The Courier News from Blytheville, Arkansas on April 21, 1943 · Page 8
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The Courier News from Blytheville, Arkansas · Page 8

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Blytheville, Arkansas
Issue Date:
Wednesday, April 21, 1943
Page:
Page 8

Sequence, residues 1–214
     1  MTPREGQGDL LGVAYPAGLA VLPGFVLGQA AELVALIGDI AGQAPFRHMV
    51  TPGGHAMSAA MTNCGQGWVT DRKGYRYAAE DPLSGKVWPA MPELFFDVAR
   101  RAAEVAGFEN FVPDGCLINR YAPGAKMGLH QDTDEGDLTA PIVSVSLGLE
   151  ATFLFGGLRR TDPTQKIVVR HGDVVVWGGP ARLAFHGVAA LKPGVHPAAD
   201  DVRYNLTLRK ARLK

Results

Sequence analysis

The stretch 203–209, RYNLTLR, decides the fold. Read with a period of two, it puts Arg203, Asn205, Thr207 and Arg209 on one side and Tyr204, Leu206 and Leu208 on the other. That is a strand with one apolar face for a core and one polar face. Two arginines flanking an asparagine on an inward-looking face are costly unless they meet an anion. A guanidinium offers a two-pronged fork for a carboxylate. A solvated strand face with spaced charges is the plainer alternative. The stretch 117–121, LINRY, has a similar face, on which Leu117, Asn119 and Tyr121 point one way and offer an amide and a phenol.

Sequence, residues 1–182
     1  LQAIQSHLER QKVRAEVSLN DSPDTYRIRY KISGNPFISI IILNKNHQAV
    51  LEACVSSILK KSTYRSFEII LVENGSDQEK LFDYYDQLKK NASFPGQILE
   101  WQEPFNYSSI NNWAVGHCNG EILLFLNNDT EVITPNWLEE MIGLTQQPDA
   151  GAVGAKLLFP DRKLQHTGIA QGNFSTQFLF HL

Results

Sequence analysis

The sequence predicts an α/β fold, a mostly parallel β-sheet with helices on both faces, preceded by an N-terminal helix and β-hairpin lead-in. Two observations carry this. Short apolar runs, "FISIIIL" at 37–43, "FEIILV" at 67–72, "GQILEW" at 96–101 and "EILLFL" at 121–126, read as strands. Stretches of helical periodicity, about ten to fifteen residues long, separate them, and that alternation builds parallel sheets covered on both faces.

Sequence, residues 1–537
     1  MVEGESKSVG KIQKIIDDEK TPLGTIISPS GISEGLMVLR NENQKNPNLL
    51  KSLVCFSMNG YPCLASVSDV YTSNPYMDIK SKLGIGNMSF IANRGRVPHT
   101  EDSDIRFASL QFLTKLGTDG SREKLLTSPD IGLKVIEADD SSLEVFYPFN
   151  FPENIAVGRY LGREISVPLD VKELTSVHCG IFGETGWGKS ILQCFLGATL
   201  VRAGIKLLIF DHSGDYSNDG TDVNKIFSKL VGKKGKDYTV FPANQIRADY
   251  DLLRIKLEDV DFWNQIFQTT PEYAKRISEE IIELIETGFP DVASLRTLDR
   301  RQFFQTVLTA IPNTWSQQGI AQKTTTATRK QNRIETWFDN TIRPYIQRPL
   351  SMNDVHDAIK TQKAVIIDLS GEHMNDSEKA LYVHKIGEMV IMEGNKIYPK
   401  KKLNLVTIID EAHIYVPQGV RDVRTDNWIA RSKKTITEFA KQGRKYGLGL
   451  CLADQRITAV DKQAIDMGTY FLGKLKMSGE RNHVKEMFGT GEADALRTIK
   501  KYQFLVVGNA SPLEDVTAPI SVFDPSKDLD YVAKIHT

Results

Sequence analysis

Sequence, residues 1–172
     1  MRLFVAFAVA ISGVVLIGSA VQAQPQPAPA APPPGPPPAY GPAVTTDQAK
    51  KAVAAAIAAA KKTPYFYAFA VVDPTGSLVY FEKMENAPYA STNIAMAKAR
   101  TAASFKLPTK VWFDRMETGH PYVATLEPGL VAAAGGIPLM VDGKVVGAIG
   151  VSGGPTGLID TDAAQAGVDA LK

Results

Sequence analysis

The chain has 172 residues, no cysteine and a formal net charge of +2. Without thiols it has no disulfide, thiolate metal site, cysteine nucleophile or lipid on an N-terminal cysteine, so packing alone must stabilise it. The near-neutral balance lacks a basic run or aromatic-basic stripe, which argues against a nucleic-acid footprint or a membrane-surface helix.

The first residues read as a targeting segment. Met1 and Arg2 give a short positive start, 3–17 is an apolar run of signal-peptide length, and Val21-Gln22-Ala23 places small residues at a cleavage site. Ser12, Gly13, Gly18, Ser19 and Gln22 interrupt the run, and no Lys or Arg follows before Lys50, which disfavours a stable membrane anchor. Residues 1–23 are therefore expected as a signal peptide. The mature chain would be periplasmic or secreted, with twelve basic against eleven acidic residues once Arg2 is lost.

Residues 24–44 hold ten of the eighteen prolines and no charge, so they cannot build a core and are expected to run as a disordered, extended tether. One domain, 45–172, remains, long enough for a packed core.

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r PAGE EIGHT BLTTB»y|LL« CAM.) COURIER NEWS :WIIH/«IN Can-asquel Winning Hurler; Other Major League Teams Play Today •WASHINGTON,- April 21 (U.P.)— A six-run explosion In the sixlh inning gave (he Washington Senators B . 7 to 5 victory over the Philadelphia Athletics yesterday In the opening game of the 1043 bnsc- ball season.. Some 25,000 fans, including Government officiuls, turned out for the game and saw War Manix>\vcr Commissioner Paul McNutt toss out (lie first ball. Mo.N'utt. who was pinch-liltting (or Ills boss, Prcsi- tloiil .Roosevelt, look a short windup, threw a perfect strike, nnd the Season was officially opened. ••Washington's starling pitcher, Dutch Leonard, caught 'tlie ball. And that wasn't all he caughl, either, as the same got underway and (lie Athletics pounded him for three runs in I he four Innings he worked. But the tiinatois more than made up for It in the sixth frame when they batted around to score six time and sail the game away. Alex Carrasquel, who replaced lionnrd In the Mh Inning, 'earned Ui5 distinction of winning the first game of the 1913 season, miss Christopher was the losing hurlcr for* 'the. Athletics. Lumsn Harris started on the mound tor the A's and was-breezing along behind a 3 lo 0 lead when the roof suddenly caved in on him •in the sixth. The hitherto handcuffed Senators broke lease with a tarragD of base hits thai drove Harris to the showers ami brought Christopher and later Roger Wolff lo the rescue. Christopher pitched to only two batttrs and was charged with the defeat. .Before (he , game was over the Senators added 'another run to the sbt they already had picked ut> and the A's added a fourth pitcher —Orric Arntzen, . the great Washington outfield of Bob Johnson,, George Case and Stan S|>cncc was on view for the first time and collected six of the Senators' 12 safeties. Case ivas high inan for the day, getting three for five. CEiitqificlder Jo Jo While led Die Philadelphia attack with two hits In three .times at. bat. Sea Gulls' Anlies Save Men SAN RAFAEIi, Cal. (UP)— The antics of sea gulls saved the lives of two "heavyweights, 1 . 1 J. W. Ap- iling, weighing 2GO pounds, nnd a. H. Helling, 20 pounds lighter, who had overturned in a small boat in San Francisco bay and \vere clinging desperately to the craft. The circling gulls allrnct- ..edVthe attention of J. C. Philltnps and his son who were In another boat and who, while they could liot sec the two men In the water, decided to investicnto. They saved the two heavyweights mid, while their combined weigh! nenr- ly sank the Phillipps boat, they were eventually landed ashore. An ostrich lays an egg only l.G per cent'of its own weight. CHICKASAW .; ' Wesi Main JVe.ir 21st St. Sat. starts 12:45; Sun. starts 1:45 ; Night shows 5:45 Except Monday, opens S.4J Continuous tliows Sat and Sun. . Wednesday & Thursday Double Feature "MISS ANNIE KOONUY" with . . . Sliirlcy Temple "I'ASSAGK'KKOM HONG: '••"(' KONG" vilh Fninccs 1'airlraiiks Old Cy Young Won 511 Major Games; Retired Only When He Grew Too Fat To Field Bunts No one pitched as loin or won as many majoi .. (jauics as , Htnton Tecumseli Youtic. Ills arm remained good alter 22 years. WICDNKSDAY, Al'Jtll/ 21, 1943 J!y HARRY GKAVSON NU>\ Sports Cditor Denlon Tccumseh Young won 511 major league games in 22 years nnd retired only when lie became loo fat to field bunts. Only a few men huvc . pitched that many mines. When Cy Young decided lo call it a career in 1911 at (he age or 1-1. liis arm was as good as ever. "3»l the boys are Inking unfair advantage of the old man." remarked Old Tuscnrawas. "They know Ihls big stomach of mine makes It difficult, for me lo field bimls, so instead of swinging at my stuff, they arc laying the bull doivn. When'the third btisotnim has to start 'doing my work, it's time for me to'quit." Denlon T. Young never asked for tiny favors. Young was an Ohio farm boy standing six feet two and weighing 210 pounds. He had the smooth motion of Tiny Bou'dhain. In Ills hcydcy lie would have reminded you of the Yankee right-hander, but he was faster and had more on the ball. He could really pour the pellet through' there. Toward the lug end of" his brilliant run, he resorted more and more to curves nnd finally lo the spltball. 1'KUFECT AGAINST WADDEU, No one pitched as long or won as many games, and his time was almost evenlv divided between tlie iwo big leagues. 'He bagged from 20 to 3G gnmcs for the Cleveland and St. Louis Nationals anil the Boston Ucd Sox for 14 consecutive seasons. No other pitcher participated In as many games, 87'l. Young Is the only man who hurled uo-hlt performances in both big wheels. He recorded three of them, shut out Rube Waddell and the Philadelphia Athletics for the Red Sox. 3-0, in a perfect rio-man-to- rench-flrst base game, May 5, ISO-!. He is one of just five men lo perform Oils feat. Young wrapped 23 consecutive hilless innings around his masterpiece. It was'a no-hit game in which he struck out IB McKccSport batters for Canton, Ohio, of the Tri- Slnle League, July 25, 1890, Unit attracted the Cleveland club's attention. Cy Young was right off the mowing machine when Davis Hnwlny, Ihcii secretary-treasurer of the Spiders, first saw him. He lad outgrown his clothes, his sleeves fulled lo cover his wrists, ils trousers appeared sawcci-off at the ankles. lie woro, a lowr si-OK'iicd derby lint. Hawlcy bought lilm 11 complete new oulfit so his prospect would not be ridiculed. Cap Alison offered $1000 for 'the big rube" tollowlng Young's )i|; league bow, in which he Iwicc struck out (he White Stockings' iiiRimger. Aug. 0, IBflO, in holding the Chicago club lo three puny hits. Cleveland smv n lull, wcll-piil- .ogcthcr young man who .seemed lo lave made a study of sharp angles, the ball got lo the baiter before :ic realized it. His curves were un- 5Olviiblc. He was cool as Greenland's Icy mountains. WON FIRST WOULD SKKIKS On Ocl. 4 of that year. Young won bolh ends ol n double-header from Philadelphia. Dcnton Tecnm- esh was one of baseball's Iron men as "well us one of its great pitchers. When he switched to Boston with the birth of (he American League, Young and Lou Crlger formed the most talked of battery of the period. • < Against 511 victories, Young had 315 losses for ti lifetime average of .(ilD. lie .struck cut 2832,'walked 1194. Young llirii'.e beat the llnUlmorc Orioles for Cleveland in Itic Temple Cup Scries of 1895, lost the only game he pitched In the sumo show Ihc following ntilimm. 'He WHS charged with a defeat In the; first (jainc, relieved in the third nnd won the fifth nnd seventh lo give the new American League prestige In (he bitter and first World Scries in 1503—between (he Red Sox and Pittsburgh Pirates. Cy Young, pitching for the Boston Nationals, wns beaten hi his finnl same, 1-0, by ;i Philadelphia, recruit named Grover Cleveland Alexander. He didn't <lo badly, cither. Judge O. K.'s Slacks LOS ANGELES, Cal. (UP)—Women who prefer to gel their divorces In slacks rather than in more formal dress have only to apply lo the court of Superior Judge Charles S. Burncll of tills city. When the attorney for an 18-ycnr- old blonde war worker attempted lo apologize for the appearance of his client in slacks, the judge merely replied: 'I think they look very nice in slacks." BUY WAR BOi S! Open 7:00 p.m. Show Starts 7:30 p.m. Adm. Always lie aud 25o Wednesday 'Overland to Deadwood' with Charles Sfarrclt ,t Kiisscll lln Taramount News Comedy. Thursday 'Cadets On Parade' j with Freddie Bartholomew News—Sclctlcd Shorts. To keep on the offensive, to bring Victory sooner, to shorten the days 'til our boys come marching home— ourGovcm- ineat oeedc 13 billion dollars! Th«t'* why the big 2nd WAR LOAN DWVi it oo. That's why we must lend thii moocy dmri»f April, Of cbone, we're buying \V a r Bonds now. But there'i a big job to be done! We all b»T« lo do our share! We all have to BUY MOK£ WAR BONDS NOW! » YOUR iJt dollon FIGHTING dollars! GULFWEIGHTS Tailored In The Famed Shops Of - HART SCHAFFNER > MARX - - ! EASTER FARE COMFORTABLE . . Ls the word for the Imr slope collar .-inrt lonj points on this luitroiis hroaclrloth i-lilri by' Arrow. "Made-to-orrtcr" for a Windsor knot foulard. $2.50 yoi. \r.\\r seen in m:iny luotiiis; ; \ no\v tn-oail lirim stylcil in tin: trur Sniilhcni in;nincr \vilh colorful, silk piiggrrr. haiul. (>-.f> liy Slrlsnn! «j51U ANKLES ... arc t'im and u ra t o! i well shod feet when tncasert wiih socks like these from In- Icnroven. I.lslcs or Wools; pl.itds or clox. All of us have a hi if job ahead . , . winning the war. We're all hitting the hall harder. And I hat means harder wear on your dollies. |[ makes sound sense to slick with dolhts thai have stamina . . . the all-wool hind. That's (he only hind you'll find heariiii; the Marl Schaffucr & Marx Trumpeter label. Step iiiln .Moad's and slip info one of these Ctilfwei-m Worsteds . . . the three season suit n-ealcd for Arkan . sas' spring, summer and fall weather. It !, : ,s cvcrylhin ff yon desire in your (.•lollies . . . style . . . romforl , . . and lr.ii!>', Ions wear . . . 38™ , •>•<. j MEAD'S 4 * 322 MAIN STRiET